Minibus roof-racks stay due to bureaucracy inaction

Karachi: The roof-racks of minibuses in Karachi are yet to be removed as the government officials are reluctant to irk the powerful transporter lobby. The Supreme Court of Pakistan during hearing of Karachi law and order case last year had instructed the provincial authorities to remove roof-racks from minibuses in Karachi but powerful nexus between private transporters and corrupt bureaucracy is still a main hindrance in implementation of the directive.

Overloading of passengers on the rooftops of minibuses and coaches is resulting in rising road accidents in Karachi, but the government is not taking action to remove the roof-racks of minibuses despite the fact that the Supreme Court of Pakistan has already instructed the government to remove these dangerous roof-racks.

Previous day a passenger fell from the roof-rack of an overcrowded Sheeraz Coach near Mumtaz Manzil on the University Road. He was shifted by some fellow commuters to a nearby hospital. However, the coach resumed its journey as soon the injured passenger was shifted to hospital with no police intervention or registration of case. Such scenes are the part of daily life in Karachi where the public transport sector has been in shambles due to constant negligence on the part of government.

Hundreds of thousands of commuters travel on the roof-racks of minibuses braving chilly winds of morning and evening. Months ago in a meeting of Sindh transport department officials and private transporters it was agreed that the transporters would voluntarily remove roof-racks from their minibuses and coaches, but so far neither the transporters nor the government officials have taken any practical step in this regard to save lives and limbs of innocent passengers.

The ministers and government officials whenever asked about public transport sector in Karachi they always talk in ‘future tense’. They talks about their ambitious plans to change the public transport culture in Karachi albeit these plans may materialize in next five years, next two year, or at least by the yearend; however, these plans are never worked upon.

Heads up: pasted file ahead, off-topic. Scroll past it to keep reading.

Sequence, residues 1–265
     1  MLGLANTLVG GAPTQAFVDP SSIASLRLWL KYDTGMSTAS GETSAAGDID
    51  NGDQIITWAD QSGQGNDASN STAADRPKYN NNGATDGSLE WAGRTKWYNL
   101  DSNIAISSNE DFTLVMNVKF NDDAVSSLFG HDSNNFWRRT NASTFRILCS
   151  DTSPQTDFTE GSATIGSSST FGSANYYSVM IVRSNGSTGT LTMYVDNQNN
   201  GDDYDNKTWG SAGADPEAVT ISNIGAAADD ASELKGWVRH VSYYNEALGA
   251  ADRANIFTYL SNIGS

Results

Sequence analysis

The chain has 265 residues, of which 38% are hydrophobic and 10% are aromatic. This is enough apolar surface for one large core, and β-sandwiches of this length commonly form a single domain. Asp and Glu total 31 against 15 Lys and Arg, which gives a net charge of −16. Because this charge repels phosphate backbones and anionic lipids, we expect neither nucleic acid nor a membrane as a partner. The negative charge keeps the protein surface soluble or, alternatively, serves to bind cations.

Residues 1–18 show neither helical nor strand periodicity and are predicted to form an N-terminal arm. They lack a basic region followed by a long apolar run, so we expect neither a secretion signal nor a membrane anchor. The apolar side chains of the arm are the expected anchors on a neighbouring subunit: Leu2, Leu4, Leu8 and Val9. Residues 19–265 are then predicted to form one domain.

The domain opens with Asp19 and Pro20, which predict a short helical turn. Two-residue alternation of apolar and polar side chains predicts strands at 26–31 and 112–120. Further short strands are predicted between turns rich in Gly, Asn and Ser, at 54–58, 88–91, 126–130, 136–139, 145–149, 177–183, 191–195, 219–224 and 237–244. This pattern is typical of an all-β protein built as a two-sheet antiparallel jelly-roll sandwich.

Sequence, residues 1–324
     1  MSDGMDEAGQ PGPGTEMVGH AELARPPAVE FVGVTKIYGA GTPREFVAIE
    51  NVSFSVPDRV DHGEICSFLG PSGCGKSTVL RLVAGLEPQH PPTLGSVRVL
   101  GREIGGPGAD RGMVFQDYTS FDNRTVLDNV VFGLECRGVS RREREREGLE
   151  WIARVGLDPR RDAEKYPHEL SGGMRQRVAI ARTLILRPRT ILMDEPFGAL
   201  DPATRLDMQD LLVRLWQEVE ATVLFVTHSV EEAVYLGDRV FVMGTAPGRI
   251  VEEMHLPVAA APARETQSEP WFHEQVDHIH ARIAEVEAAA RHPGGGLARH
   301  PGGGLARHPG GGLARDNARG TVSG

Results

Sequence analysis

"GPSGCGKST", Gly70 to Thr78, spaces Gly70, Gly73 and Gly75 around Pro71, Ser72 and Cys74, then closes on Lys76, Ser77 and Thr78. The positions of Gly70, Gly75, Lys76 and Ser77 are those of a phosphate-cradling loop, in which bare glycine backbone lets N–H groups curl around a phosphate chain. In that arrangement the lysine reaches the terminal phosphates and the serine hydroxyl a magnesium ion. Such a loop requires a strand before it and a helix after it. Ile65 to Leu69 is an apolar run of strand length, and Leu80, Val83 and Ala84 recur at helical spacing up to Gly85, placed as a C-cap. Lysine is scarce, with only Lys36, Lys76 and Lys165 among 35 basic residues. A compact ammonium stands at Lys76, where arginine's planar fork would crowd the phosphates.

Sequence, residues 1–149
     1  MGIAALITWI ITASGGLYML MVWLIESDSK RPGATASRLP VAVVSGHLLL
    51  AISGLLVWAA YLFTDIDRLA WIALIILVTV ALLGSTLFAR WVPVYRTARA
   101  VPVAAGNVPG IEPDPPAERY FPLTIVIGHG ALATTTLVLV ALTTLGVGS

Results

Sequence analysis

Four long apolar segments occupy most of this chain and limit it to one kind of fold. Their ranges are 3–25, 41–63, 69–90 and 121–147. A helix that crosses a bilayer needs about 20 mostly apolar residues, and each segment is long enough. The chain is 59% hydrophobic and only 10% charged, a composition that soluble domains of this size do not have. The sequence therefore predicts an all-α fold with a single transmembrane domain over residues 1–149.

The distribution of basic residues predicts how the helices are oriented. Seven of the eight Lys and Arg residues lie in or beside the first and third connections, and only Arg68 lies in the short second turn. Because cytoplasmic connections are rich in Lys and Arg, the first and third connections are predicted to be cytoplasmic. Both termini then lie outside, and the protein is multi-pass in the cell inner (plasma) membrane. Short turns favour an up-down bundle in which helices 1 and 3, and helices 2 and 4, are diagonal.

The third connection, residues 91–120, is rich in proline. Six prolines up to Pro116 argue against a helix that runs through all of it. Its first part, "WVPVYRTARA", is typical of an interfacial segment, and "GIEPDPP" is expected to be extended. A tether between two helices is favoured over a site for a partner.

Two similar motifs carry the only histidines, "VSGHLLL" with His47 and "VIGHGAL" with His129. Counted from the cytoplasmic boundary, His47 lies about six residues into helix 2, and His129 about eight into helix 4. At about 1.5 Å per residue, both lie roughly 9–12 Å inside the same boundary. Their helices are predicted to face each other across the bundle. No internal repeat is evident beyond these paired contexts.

There is no official data about the deaths and injuries of commuters after falling from the roof-racks of minibuses in Karachi, but hospital sources say dozens of people receive major and minor injuries in such accidents daily in the city.

The deadly roof-racks of minibuses are not only a grave risk for commuters, but they are also a living proof of failure of administration. Millions of citizens daily see these minibuses with passengers perching on their roof racks and even any student of public administration and image-building psychology would tell these minibuses are the most vocal propaganda tools of bad governance of provincial administration. In fact these overcrowded minibuses are round-o-clock advertisements of failure of government transport department and traffic police.

The commuters demand immediate removal of the dangerous roof-racks of the minibuses and coaches in Karachi and taking strict action against transporters who are unwilling to remove these roof-racks voluntarily.

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